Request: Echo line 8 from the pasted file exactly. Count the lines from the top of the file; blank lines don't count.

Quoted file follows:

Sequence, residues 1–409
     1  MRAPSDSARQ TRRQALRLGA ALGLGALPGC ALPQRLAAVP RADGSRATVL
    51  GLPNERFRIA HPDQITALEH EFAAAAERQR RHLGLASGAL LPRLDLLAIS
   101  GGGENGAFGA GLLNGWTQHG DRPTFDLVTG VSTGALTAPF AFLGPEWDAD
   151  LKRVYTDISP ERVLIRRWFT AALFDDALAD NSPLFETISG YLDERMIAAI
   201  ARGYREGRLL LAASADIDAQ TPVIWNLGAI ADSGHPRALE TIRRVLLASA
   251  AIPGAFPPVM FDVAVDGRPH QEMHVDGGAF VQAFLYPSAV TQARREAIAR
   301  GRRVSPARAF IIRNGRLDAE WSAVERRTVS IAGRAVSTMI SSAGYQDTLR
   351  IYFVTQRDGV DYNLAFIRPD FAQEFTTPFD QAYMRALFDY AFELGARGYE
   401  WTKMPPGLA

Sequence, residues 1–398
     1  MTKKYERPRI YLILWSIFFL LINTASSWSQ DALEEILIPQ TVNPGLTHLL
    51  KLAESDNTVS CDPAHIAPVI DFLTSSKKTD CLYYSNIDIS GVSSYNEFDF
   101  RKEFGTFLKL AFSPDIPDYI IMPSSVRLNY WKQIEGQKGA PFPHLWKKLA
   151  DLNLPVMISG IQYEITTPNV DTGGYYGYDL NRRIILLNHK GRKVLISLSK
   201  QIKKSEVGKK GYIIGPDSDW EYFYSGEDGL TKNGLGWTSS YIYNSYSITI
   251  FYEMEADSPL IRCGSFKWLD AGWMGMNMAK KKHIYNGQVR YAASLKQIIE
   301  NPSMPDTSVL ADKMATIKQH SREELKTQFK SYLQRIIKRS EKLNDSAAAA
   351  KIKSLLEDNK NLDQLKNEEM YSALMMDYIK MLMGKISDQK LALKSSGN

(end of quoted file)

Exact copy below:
   301  GRRVSPARAF IIRNGRLDAE WSAVERRTVS IAGRAVSTMI SSAGYQDTLR